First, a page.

DCL

An elegant OOP with mixins + AOP for JavaScript.

dcl()

dcl() is the “class” composition helper, which simplifies creating constructors for new classes of objects:

  • It reduces a boilerplate to set up a single inheritance.
  • In case of mixin-based multiple inheritance it correctly linearizes all dependencies.
  • While composing constructors, it can process advanced features:
    • Super calls, when you need to call a method of a super class (a base).
    • AOP advices.
    • Automatic chaining of arbitrary methods.

Of course, an experienced programmer can do all this stuff manually, but dcl() offers a less error-prone and more compact way to achieve what you need. But, just in case, it will play nice with hand-made constructors, so your constructors can inherit from them, or mix them in as mixins.

dcl() is a main function of the whole package. It is defined in mini.js and can be extended by dcl.js. Both these modules return it as their value.

Description

Signature
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var dcl = require("dcl");
// or: var dcl = require("dcl/mini");
var Ctr = dcl(base, props);

Arguments and a return value:

  • base is a base “class”. It can be one of three:
    • null - no base “class” ⇒ base it directly on Object.
    • constructor object - a function created with dcl or a generic JavaScript constructor function. New “class” will be based on it using a single inheritance.
    • array of constructors - a C3 superclass linearization will be performed on this array, and the result will be used to create a new constructor using a single inheritance. This array should be non-empty.
  • props is an object, whose properties are used to specify unique features of the “class” — methods, and class-level variables. Following properties have a special meaning for dcl():
    • constructor - an optional function, which will be called when an object is created. A base constructor (if any) is always called before a derived constructor. There is no restrictions on what arguments can be used for a constructor. A return value of constructor (if any) is ignored.
    • declaredClass - an optional human-readable string, which is used to identify the created class in error messages or logs. See debug.js for more details.
  • dcl() returns a constructor created according to user’ specifications.

dcl() is returned by mini.js and dcl.js and used to host additional properties. Look at specific modules to learn what public properties are available.

Examples

base is null

In this case produced “classes” are derived directly from Object.

No base
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var Counter = dcl(null, {
  declaredClass: "Counter",
  constructor: function(initValue){
      this.acc = isNaN(initValue) ? 0 : initValue;
  },
  increment: function(){
      return ++this.acc;
  },
  decrement: function(){
      return --this.acc;
  },
  advance: function(delta){
      return this.acc += delta;
  }
});
var c = new Counter(5);

Single inheritance

This is a familiar scenario for most programmers: we build on an existing “class” producing a new “class”.

Single inheritance I
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var A = dcl(null, {
  constructor: function(){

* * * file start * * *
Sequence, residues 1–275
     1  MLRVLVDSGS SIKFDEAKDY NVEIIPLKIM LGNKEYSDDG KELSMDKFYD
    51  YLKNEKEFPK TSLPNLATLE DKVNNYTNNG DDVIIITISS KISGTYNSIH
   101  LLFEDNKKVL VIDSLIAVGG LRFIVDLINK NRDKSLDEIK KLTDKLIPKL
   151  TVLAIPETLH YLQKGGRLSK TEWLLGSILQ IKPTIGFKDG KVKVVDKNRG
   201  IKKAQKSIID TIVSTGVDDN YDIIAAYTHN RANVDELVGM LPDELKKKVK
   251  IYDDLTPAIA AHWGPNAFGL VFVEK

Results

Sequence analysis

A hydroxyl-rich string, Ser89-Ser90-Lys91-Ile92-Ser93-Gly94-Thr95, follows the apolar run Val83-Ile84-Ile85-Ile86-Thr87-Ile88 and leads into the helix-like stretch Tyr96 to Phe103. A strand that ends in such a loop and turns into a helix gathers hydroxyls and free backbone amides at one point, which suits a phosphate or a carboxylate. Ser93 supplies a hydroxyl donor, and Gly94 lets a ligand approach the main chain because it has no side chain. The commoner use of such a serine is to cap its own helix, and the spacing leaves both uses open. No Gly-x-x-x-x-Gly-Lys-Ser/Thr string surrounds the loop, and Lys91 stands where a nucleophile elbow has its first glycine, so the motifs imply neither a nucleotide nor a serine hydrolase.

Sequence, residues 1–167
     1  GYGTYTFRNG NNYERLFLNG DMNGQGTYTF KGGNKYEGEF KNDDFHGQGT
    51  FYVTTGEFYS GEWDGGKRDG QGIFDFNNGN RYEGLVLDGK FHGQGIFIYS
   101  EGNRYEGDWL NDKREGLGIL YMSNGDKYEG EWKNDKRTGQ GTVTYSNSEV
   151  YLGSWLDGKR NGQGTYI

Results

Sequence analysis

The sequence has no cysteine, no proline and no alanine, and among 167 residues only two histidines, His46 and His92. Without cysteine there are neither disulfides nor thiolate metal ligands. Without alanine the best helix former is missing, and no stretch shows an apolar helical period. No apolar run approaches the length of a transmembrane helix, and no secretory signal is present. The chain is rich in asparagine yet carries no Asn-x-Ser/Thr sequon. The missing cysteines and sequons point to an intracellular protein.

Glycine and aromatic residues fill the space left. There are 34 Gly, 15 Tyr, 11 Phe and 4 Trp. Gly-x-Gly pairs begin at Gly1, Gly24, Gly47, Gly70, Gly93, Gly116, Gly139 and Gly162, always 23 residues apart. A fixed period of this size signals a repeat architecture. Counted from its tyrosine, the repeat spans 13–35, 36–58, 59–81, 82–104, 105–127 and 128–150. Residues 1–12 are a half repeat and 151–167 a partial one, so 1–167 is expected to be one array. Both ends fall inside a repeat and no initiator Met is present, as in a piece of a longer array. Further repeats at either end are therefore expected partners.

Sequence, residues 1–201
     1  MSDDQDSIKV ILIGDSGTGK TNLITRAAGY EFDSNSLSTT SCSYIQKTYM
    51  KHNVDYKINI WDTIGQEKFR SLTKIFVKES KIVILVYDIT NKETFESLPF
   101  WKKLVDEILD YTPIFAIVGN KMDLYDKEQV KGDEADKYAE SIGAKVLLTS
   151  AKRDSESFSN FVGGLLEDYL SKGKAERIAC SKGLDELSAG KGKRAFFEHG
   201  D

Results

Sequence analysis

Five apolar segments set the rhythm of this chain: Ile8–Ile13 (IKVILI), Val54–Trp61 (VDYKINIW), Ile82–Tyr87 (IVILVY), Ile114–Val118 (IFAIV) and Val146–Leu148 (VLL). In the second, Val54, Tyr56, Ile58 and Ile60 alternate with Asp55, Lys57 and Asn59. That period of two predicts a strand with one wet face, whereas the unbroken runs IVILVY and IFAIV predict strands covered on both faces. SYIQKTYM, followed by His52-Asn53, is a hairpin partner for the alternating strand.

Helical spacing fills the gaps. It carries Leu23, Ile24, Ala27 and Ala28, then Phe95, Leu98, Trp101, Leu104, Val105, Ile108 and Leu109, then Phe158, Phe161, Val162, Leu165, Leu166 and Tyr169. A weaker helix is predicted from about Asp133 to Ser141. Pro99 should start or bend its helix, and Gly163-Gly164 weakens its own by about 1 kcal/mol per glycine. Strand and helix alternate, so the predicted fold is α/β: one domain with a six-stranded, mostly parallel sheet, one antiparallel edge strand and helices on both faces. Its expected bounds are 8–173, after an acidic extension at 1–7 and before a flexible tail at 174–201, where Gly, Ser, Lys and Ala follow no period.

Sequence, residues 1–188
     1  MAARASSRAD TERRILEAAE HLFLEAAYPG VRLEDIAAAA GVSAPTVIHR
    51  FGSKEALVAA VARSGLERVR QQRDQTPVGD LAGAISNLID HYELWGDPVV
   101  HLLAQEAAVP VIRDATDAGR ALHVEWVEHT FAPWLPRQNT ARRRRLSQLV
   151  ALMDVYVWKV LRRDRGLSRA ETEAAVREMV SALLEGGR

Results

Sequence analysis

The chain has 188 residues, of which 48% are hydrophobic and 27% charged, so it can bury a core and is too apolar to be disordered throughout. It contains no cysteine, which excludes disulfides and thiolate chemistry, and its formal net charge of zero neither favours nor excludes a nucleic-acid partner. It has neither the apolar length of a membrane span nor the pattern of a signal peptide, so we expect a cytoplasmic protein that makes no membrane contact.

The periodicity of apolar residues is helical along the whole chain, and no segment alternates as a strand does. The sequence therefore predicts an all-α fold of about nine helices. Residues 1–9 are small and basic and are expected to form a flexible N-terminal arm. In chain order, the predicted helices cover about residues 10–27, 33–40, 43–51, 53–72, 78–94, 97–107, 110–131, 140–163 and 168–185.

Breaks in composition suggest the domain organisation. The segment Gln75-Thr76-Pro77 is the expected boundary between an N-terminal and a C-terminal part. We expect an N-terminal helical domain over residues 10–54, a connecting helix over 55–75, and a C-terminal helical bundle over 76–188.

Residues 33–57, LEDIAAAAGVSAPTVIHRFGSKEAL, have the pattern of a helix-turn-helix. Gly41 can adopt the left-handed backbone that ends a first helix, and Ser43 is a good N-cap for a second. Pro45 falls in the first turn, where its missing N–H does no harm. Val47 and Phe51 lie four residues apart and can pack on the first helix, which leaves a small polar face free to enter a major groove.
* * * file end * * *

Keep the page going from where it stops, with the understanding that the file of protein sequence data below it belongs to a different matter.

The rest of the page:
console.log("A is constructed");
  },
  hi: function(){
      console.log("Hi from A!");
  },
  lo: function(){
      console.log("Lo from A!");
  }
});
var a = new A();
// A is constructed
a.hi();
// Hi from A!
a.lo();
// Lo from A!

var B = dcl(A, {
  constructor: function(){
      console.log("B is constructed");
  },
  hi: function(){
      console.log("Hi from B!");
  }
});
var b = new B();
// A is constructed
// B is constructed
b.hi();
// Hi from B!
b.lo();
// Lo from A!

console.log(b instanceof A);
// true
console.log(b instanceof B);
// true

var C = dcl(null, {
  constructor: function(){
      console.log("C is constructed");
  },
  lo: function(){
      console.log("Lo from C!");
  }
});
var c = new C();
// A is constructed
// B is constructed
// C is constructed
c.hi();
// Hi from B!
c.lo();
// Lo from C!

console.log(c instanceof A);
// true
console.log(c instanceof B);
// true
console.log(c instanceof C);
// true

We can base our classes on normal JavaScript constructors as well:

Single inheritance II
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function A(){
  console.log("A is constructed manually");
}
A.prototype{
  hi: function(){
      console.log("Hi from manual land!");
  },
  lo: function(){
      console.log("Lo from manual land!");
  }
};
var a = new A();
// A is constructed manually
a.hi();
// Hi from manual land!
a.lo();
// Lo from manual land!

var B = dcl(A, {
  constructor: function(){
      console.log("B is constructed");
  },
  hi: function(){
      console.log("Hi from dcl()!");
  }
});
var b = new B();
// A is constructed manually
// B is constructed
b.hi();
// Hi from dcl()!
b.lo();
// Lo from manual land!

console.log(b instanceof A);
// true
console.log(b instanceof B);
// true

Multiple inheritance with mixins

The dreaded diamond — the bane of multiple inheritance. dcl() deals with it with ease:

Multiple inheritance: Diamond
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var A = dcl(null,   {constructor: function(){ console.log("A"); }});
var B = dcl(A,      {constructor: function(){ console.log("B"); }});
var C = dcl(A,      {constructor: function(){ console.log("C"); }});
var D = dcl([B, C], {constructor: function(){ console.log("D"); }});
var d = new D();
// A
// B
// C
// D

A triangle will be handled too:

Multiple inheritance: Triangle
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var A = dcl(null,   {constructor: function(){ console.log("A"); }});
var B = dcl(A,      {constructor: function(){ console.log("B"); }});
var C = dcl([B, A], {constructor: function(){ console.log("C"); }});
var c = new C();
// A
// B
// C

Generally a “class”, which inherits from an array, tries to use the first item as its base. In some cases it is not possible due constraints on relative position of all bases. If that is the case, the innermost base class of the first item is used.

Multiple inheritance base
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var A = dcl(null, {declaredClass: "A"});